3. They want to “own the libs”

One bond Trump has with his supporters is in deeply enjoying the discomfort of their common enemies. They are aware that the vast majority of left-of-center Americans don’t simply dislike the president, but dislike him intensely. Many view the prospect of this strange “accidental president” serving another four years with genuine horror. So it’s great sport for Trump supporters to confront them with this possibility, raised to the level of certainty. It’s mass schadenfreude, with a dollop of Trump’s own signature cruelty.

4. They truly despise the “elite” sources of adverse information

If you are convinced that polls are all “fake” and most of the media — including Fox News on occasion — just systematically lie, all to benefit Trump’s enemies, then it’s a short leap to assume that the “truth” they are hiding is MAGA-rific or even glorious. Similarly, once one is convinced that “real Americans” are in the president’s corner, then anything (like a bad poll or mockery of a self-destructive Trump video clip) emanating from sources that either “don’t get it” or are actively hostile to this country and its interests simply cannot be credited as “real.” Believing that Trump might lose, therefore, can become an anti-patriotic act, or a sign of being duped by contemptuous wrong-doers.

5. They are preparing to contest any defeat

The most troubling possibility is that Trump supporters understand the president is laying the groundwork for contesting a defeat, and want to help him do so. Here’s how I recently described Trump’s efforts to undermine, in advance, the legitimacy of the November election in case he happens to lose it:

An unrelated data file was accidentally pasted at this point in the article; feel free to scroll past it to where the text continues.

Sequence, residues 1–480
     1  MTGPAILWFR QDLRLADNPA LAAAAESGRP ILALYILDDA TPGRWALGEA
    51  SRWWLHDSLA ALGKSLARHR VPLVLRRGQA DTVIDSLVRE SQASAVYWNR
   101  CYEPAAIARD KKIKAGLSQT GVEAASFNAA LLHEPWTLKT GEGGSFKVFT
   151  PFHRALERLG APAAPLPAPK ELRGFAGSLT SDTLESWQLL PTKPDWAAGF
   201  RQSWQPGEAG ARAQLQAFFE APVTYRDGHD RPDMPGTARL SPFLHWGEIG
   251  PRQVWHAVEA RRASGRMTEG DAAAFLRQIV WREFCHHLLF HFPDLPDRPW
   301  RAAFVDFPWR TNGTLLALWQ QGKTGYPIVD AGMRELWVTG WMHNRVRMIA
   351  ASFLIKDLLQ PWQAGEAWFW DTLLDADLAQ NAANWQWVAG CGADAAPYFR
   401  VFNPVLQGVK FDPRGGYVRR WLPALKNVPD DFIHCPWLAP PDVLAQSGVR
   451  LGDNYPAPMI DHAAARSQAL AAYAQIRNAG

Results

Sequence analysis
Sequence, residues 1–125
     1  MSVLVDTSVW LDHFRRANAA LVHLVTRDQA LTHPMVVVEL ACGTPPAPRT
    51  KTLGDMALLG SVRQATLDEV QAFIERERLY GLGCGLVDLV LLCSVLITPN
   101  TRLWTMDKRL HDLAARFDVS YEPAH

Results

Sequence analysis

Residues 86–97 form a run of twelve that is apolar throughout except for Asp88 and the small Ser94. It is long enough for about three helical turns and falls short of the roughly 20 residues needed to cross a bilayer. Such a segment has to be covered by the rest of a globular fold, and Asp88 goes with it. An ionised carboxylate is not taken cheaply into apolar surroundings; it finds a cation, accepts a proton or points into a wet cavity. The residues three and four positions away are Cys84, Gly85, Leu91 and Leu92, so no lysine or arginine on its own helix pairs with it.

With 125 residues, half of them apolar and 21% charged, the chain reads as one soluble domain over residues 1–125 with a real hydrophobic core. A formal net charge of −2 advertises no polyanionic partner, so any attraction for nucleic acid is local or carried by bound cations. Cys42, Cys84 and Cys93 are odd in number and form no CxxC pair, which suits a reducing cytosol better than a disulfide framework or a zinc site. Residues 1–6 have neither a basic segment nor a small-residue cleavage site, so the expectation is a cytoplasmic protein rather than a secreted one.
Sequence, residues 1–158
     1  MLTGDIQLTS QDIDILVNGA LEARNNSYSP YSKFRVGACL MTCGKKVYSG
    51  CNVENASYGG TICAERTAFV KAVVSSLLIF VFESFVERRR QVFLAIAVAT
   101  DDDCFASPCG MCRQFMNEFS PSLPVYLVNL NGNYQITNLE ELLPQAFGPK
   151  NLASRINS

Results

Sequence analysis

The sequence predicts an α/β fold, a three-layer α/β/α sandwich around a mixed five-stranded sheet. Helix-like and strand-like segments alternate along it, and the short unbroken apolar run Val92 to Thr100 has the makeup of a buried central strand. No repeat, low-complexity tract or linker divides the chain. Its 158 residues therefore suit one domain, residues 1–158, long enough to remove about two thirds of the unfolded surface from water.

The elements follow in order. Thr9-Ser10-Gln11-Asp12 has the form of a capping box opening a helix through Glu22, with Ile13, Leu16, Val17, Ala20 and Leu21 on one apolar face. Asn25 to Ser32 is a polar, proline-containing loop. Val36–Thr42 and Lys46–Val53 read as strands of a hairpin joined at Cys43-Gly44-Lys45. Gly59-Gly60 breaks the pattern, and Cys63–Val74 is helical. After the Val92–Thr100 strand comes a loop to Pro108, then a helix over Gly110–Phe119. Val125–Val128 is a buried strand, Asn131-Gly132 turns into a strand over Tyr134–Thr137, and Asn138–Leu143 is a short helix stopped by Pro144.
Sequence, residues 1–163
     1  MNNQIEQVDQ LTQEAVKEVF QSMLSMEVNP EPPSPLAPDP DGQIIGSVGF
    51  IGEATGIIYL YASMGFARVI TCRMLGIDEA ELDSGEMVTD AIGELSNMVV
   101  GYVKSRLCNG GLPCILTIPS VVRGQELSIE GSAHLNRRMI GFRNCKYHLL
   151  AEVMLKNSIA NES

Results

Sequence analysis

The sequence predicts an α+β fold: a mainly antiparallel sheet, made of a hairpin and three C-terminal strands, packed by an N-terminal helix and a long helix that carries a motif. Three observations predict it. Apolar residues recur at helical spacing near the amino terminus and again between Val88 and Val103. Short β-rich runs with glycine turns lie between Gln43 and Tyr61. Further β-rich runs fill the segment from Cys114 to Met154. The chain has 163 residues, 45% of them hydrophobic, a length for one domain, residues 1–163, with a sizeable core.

“Trump is now regularly claiming that voting by mail is inherently illegitimate, except for grudging exceptions for people who can’t make it to the polls. So, presumably, states that allow for no-excuse voting by mail in November are holding ‘substantially fraudulent’ elections. That’s 34 states who do so by law (including battleground states Arizona, Florida, Georgia, Michigan, Minnesota, Nevada, North Carolina, Pennsylvania, and Wisconsin), 11 more that so far are waiving excuse requirements this pandemic year (including New Hampshire), and another that may be forced to do so by a lawsuit (Texas).

“So in a very real sense, unless Trump backs off his claims that voting by mail means a ‘rigged election,’ he’s letting us know that he and his supporters will be justified in challenging any adverse results in states that allow this terrible practice to take place.”

Keep in mind that Trump went to a lot of trouble to claim he was robbed of a popular-vote majority in 2016 (thanks to “millions of illegal votes” for Hillary Clinton for which he offered not a shred of evidence), even though it didn’t ultimately matter. One possible rationale was to convince his followers Democrats always cheat, meaning their victories should prospectively be discounted or challenged. If on Election Night 2020, Donald Trump claims victory on the basis of early returns, is there any doubt his fans and media allies will join him in crying out “fraud!” to the high heavens should late mail ballots drift in and reverse the results? I don’t think so. And either consciously or unconsciously, some of them may be anticipating that fraught scenario already. To a significant number of the faithful, Trump is not just a president, but an embodiment of America, and even God’s Annointed. He can’t fail. He can only be failed.